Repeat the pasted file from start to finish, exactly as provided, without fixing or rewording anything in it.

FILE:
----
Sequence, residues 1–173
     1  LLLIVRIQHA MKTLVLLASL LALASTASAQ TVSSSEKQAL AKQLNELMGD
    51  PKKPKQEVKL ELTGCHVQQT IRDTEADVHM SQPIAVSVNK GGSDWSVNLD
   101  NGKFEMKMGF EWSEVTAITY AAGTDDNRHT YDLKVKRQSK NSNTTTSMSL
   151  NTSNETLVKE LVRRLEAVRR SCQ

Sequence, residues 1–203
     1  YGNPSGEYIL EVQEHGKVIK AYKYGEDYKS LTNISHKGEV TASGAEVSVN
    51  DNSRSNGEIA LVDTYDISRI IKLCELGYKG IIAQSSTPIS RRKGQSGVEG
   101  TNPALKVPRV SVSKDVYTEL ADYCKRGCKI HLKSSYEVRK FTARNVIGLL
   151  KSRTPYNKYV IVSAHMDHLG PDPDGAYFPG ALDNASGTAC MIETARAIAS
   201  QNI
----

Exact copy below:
Sequence, residues 1–173
     1  LLLIVRIQHA MKTLVLLASL LALASTASAQ TVSSSEKQAL AKQLNELMGD
    51  PKKPKQEVKL ELTGCHVQQT IRDTEADVHM SQPIAVSVNK GGSDWSVNLD
   101  NGKFEMKMGF EWSEVTAITY AAGTDDNRHT YDLKVKRQSK NSNTTTSMSL
   151  NTSNETLVKE LVRRLEAVRR SCQ

Sequence, residues 1–203
     1  YGNPSGEYIL EVQEHGKVIK AYKYGEDYKS LTNISHKGEV TASGAEVSVN
    51  DNSRSNGEIA LVDTYDISRI IKLCELGYKG IIAQSSTPIS RRKGQSGVEG
   101  TNPALKVPRV SVSKDVYTEL ADYCKRGCKI HLKSSYEVRK FTARNVIGLL
   151  KSRTPYNKYV IVSAHMDHLG PDPDGAYFPG ALDNASGTAC MIETARAIAS
   201  QNI